3/17/18: Listening to the Pain (Part two, Buddha on the Road)

I want to share three stories that yesterday evening’s shift at work inspired. This will take three posts

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The second of the three stories my Thursday evening shift at work inspired, is also about a passenger. But this time I’d only transported her once before. Only a few days before actually… on Tuesday.

On that Tuesday, I had been waiting in the neighborhood, taking a break before her scheduled pickup time. I was trying to time it so I would pull up exactly to the minute, but the area was more unfamiliar to me than I’d expected and on a narrow, rural road and sided by lots of vegetation (making house numbers extra hard to see) so it took all of five minuets longer to find the place. Still… we are allowed up to a thirty minute “window” before considered officially late, and nearly anyone who regularly rides The Handi-Van would be happy to have a van show up only five minutes after the appointed time.

This woman was certainly NOT happy. As I pulled up and got out of the van to be sure I was in the right location, she was just emerging from her house. It was set back from the road and she had to cross her fairly large front lawn. As she did so, she called out to me in a curt voice that came off as a reprimand. It felt… condescending.

“I was just calling your office to tell them you were late.”

I said nothing at first. Long ago I learned to never argue such things with a passenger but then… I guess I needed to learn the lesson again. She approached, panting a bit as I operated the lift for her to board the van and as she did I made the mistake of doing just that.

“I’m sorry, wasn’t your pickup time scheduled to be seven o’clock?”

“Yes.”

“Well, it seven now.”

“No it’s not.”

My sense of professional propriety returning to me, I said nothing more. In fact, I said nothing more for the entire ride and neither did she. I took the woman to her destination and dropped her off without incident but when I got to base, I did one more thing of which I’m not particularly proud in retrospect. I recounted it all (complete with tone and terminology designed to elicit proper snickers and scoffs) with my coworkers in one of our usual after work venting sessions.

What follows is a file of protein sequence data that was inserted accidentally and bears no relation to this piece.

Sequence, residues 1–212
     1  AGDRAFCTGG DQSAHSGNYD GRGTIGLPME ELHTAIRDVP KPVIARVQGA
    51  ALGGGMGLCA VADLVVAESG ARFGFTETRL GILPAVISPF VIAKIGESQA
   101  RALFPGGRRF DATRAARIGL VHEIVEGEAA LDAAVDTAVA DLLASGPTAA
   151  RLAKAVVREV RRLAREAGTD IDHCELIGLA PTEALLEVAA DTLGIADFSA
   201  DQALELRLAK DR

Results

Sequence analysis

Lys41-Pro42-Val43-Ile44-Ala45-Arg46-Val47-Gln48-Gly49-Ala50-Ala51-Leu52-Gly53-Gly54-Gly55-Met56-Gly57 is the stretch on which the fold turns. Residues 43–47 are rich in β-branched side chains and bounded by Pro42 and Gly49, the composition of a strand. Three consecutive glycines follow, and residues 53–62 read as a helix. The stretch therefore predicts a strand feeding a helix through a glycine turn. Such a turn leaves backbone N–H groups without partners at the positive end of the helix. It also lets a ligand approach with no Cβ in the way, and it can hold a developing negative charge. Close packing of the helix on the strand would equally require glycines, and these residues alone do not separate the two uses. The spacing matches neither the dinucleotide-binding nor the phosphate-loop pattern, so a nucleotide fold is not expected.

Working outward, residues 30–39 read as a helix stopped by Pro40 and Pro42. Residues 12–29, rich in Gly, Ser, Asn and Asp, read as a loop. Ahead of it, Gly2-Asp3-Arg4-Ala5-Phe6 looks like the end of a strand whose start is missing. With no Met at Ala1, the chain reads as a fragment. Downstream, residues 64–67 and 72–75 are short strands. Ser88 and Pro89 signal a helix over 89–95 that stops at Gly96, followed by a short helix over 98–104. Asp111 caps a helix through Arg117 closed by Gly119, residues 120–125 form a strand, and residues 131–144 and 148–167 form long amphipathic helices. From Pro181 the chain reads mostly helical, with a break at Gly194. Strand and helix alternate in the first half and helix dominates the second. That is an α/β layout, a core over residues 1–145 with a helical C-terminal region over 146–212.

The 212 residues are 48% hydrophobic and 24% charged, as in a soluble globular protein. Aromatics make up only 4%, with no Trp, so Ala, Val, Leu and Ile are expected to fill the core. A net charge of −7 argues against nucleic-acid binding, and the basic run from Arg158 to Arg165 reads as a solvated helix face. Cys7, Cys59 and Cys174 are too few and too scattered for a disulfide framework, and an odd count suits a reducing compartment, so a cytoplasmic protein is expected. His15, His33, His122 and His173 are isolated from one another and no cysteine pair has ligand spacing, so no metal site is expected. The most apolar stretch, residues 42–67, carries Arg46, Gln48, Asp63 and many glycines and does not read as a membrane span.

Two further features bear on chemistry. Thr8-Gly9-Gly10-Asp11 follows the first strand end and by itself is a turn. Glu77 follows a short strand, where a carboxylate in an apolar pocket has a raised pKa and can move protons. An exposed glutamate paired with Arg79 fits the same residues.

That was Tuesday.

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On Thursday (the day these three stories are all inspired by) I again had this woman on my manifest. I’d just dropped off the woman from yesterday’s post. I’d just left all that hate that I felt I’d enabled and because of this, I was vowing to do better. To be a better preemptive listener and not let any conversation (should there be one at all) go into topics of potential contention.

Or worse.

This time, I arrived a few minutes early and my passenger was waiting for me. This time, I kept to my usual professional routine and greeted my passenger with the proper pleasantries (as I always do) but this time being sure to do so without any embellishment. Operating the lift and assisting her to board the van, I said nothing about our having met just a few days ago. Very likely, she did not remember.